Foxtail Palm- I Planted Roots in Mexico

2013 I Planted Roots in Mexico March 2013 Nature Tommy Clarkson

By Tommy Clarkson from the March 2013 Edition

Wodyetia bifurcata

Family: Areceae; Sub Family Arecoideae

This is a pleasingly unique and delightful looking palm that originally grew in Northeastern Australia. It is named after Wodyeti, an Aboriginal bushman, said to be the last of his line and a veritable treasure trove of knowledge regarding this palm in its natural habitat.

This fast growing beauty which naturally occurred only in the remote area of Queensland adapts to a wide range of well drained soil conditions (quite important to remember if you wish to have this in your lawn or garden). It thrives in both sub-tropical and tropical environs but is not drought tolerant, enjoying soil kept reasonably moist through regular watering. But, be careful, do not overwater. I deeply water mine once a week during the non-rainy season.

Its more common name is derived from the visual appearance of its leaflets  which are in a lovely, bushy appearing, circular arrangement which looks quite similar to well duh a fox’s tail! If well taken care of, in maturity, it may exceed thirty feet in height, with a very attractive, smooth grayish tan trunk. (Each morning at Casa Ola Brisa, from our second story master bedroom, we look under the gentle swaying fronds, of ours, out into the Santiago Bay.)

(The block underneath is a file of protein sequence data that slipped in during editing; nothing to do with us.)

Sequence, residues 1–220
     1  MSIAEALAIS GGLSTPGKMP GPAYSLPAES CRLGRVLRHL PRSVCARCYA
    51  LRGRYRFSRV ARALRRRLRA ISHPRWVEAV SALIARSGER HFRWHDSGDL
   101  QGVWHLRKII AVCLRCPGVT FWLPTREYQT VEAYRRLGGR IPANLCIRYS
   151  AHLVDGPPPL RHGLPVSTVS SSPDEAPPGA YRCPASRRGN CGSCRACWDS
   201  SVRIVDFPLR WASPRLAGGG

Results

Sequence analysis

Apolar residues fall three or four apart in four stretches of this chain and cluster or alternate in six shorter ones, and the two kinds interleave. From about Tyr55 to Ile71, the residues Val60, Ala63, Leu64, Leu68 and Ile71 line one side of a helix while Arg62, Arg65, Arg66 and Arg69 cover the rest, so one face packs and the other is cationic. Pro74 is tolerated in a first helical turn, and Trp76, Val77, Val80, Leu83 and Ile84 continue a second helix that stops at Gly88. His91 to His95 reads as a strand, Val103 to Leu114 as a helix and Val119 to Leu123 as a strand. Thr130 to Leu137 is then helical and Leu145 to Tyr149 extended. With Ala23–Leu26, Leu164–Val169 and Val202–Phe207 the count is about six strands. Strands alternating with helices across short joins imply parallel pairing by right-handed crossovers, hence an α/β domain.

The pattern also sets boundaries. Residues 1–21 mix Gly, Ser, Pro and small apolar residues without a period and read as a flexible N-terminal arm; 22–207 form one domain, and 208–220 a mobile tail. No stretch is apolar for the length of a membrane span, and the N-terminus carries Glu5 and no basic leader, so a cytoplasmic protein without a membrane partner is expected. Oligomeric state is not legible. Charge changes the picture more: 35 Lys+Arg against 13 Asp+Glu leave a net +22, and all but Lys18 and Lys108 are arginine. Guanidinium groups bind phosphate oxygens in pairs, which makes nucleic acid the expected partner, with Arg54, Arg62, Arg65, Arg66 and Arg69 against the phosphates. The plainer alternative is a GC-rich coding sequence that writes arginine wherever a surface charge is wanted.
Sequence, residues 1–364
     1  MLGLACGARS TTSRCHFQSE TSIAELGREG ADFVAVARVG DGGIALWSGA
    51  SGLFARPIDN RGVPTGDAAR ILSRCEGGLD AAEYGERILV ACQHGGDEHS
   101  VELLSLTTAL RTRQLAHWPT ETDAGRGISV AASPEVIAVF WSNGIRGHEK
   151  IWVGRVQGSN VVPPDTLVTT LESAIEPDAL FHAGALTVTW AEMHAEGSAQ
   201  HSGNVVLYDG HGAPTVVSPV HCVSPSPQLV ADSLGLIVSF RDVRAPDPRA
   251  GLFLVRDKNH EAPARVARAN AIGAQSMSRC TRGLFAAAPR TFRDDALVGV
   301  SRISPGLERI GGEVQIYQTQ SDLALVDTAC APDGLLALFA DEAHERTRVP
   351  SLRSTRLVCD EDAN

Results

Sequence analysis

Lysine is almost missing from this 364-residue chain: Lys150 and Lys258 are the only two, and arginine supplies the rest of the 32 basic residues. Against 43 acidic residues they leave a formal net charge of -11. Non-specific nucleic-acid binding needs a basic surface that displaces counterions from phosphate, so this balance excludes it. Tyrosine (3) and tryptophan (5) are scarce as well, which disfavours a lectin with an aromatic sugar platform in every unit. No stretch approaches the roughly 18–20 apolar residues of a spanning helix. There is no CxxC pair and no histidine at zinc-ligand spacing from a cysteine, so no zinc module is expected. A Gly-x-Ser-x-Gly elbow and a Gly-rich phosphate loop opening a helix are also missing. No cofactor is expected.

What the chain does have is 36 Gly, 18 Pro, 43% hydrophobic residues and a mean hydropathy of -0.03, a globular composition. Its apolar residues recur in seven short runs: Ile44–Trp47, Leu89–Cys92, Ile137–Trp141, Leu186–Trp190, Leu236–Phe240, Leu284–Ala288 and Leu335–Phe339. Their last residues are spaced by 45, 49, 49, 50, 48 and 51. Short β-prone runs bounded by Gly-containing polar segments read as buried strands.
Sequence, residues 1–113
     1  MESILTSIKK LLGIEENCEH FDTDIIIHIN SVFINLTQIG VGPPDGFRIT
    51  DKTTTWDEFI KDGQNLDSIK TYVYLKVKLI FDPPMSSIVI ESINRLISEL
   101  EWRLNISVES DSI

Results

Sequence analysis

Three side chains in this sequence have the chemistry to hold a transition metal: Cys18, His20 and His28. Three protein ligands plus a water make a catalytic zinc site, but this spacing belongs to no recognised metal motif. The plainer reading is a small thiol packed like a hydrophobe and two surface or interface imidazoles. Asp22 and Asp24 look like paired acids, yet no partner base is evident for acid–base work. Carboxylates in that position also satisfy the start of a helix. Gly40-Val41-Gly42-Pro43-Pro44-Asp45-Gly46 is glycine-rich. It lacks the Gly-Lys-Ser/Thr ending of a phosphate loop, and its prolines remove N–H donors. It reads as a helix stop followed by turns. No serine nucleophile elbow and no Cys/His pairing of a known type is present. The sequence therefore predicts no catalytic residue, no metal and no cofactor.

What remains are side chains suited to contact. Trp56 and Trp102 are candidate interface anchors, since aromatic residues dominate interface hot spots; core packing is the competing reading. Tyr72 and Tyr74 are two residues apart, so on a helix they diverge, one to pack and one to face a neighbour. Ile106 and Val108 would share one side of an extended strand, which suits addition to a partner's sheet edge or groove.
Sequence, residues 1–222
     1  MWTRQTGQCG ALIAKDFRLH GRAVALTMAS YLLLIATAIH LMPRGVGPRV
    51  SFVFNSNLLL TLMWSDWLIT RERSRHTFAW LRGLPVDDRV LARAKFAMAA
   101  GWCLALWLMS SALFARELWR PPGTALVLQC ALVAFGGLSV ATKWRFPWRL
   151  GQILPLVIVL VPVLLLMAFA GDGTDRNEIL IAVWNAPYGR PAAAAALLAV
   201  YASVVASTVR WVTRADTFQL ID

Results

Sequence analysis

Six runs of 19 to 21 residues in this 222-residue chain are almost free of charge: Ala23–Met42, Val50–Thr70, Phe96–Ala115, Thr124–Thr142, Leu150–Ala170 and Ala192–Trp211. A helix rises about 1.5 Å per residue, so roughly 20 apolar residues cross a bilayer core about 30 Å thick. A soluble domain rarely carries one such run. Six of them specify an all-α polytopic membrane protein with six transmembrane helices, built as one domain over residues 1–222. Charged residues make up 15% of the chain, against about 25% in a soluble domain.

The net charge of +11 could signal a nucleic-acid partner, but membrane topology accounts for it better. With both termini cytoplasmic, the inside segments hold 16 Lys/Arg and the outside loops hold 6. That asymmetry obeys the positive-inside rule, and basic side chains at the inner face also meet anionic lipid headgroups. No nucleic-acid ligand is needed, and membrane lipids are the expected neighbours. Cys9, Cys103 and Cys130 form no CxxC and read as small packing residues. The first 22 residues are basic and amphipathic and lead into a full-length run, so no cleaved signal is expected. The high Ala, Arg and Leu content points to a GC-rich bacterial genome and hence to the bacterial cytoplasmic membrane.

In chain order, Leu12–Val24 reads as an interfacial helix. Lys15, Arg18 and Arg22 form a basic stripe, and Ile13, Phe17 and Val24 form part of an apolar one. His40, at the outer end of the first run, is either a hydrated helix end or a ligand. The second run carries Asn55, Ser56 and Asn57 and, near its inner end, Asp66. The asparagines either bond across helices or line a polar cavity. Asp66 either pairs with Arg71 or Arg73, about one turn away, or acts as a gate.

A strong grower, it, in several ways, resembles those massive beauties of the Roystonea family (Royal Palms from Cuba), but without their more massive trunks. It can live in moderate light but seems to prefer,

The bushy appearing, circular arrangement of the frond leaflets do, indeed, look quite similar to a fox’s tail!

and thoroughly enjoys, full sun, even when young. For those not from our immediate area, it thrives in hardiness zones 10 – 11. Mature trees can survive temperatures as low as 26 degrees Fahrenheit. . . . which is better than me these days!

Its attractive, robust, trunk is slender and swollen at the base, ringed with delightful circumscribing leaf scars, and gradually tapers to a smooth, olive green crown shaft. Its beautiful canopy consists of eight to twelve arching, but full, fronds which are then made up of hundreds of leaflets attached to the trunk at several levels. In case you’ve not perceived by now, I think it to be a very pretty palm!

This picture was taken a year ago. We now look under these fronds out into the Santiago Bay from our second story master bedroom.

The full-bodied and plume-like fronds are eight to ten feet long and short-stalked. The leaflets on them are six inches long and nearly two inches wide. These grow from all angles of the rachis (the primary stem of a compound leaf) with the widest point being mid leaflet. They have raggedy, fishtail looking tips as opposed to sharp and pointed, like many pinnate palm leaflets.

The whitish green, petiole (stem of the palm leaf) is six inches to a foot in length with brown scales. In turn, the crownshaft (the tight, surrounding envelope formed by the tubular, leafed frond bases sheathing each other around the stem of the top of the trunk) is narrow and green with waxy, white colored scales.

The green inflorescence appears below the crownshaft and sports both male and female, creamy-green blooms on the same branch. (This means, obviously, that unlike the Date Palm it is self-pollinating.) The flowers are white and the clustering 1 ¼” to 2 ¼” orange/red fruits like all else of this palm – are quite attractive.

A self cleaning palm (fronds fall off when dead), it loves fertilization and is tolerant of salt, wind and coolness. A word of caution – the seed (though pretty) is said to be poisonous if ingested.

The clustering 1 ¼” to 2 ¼” orange/red fruits are beautiful but not edible.

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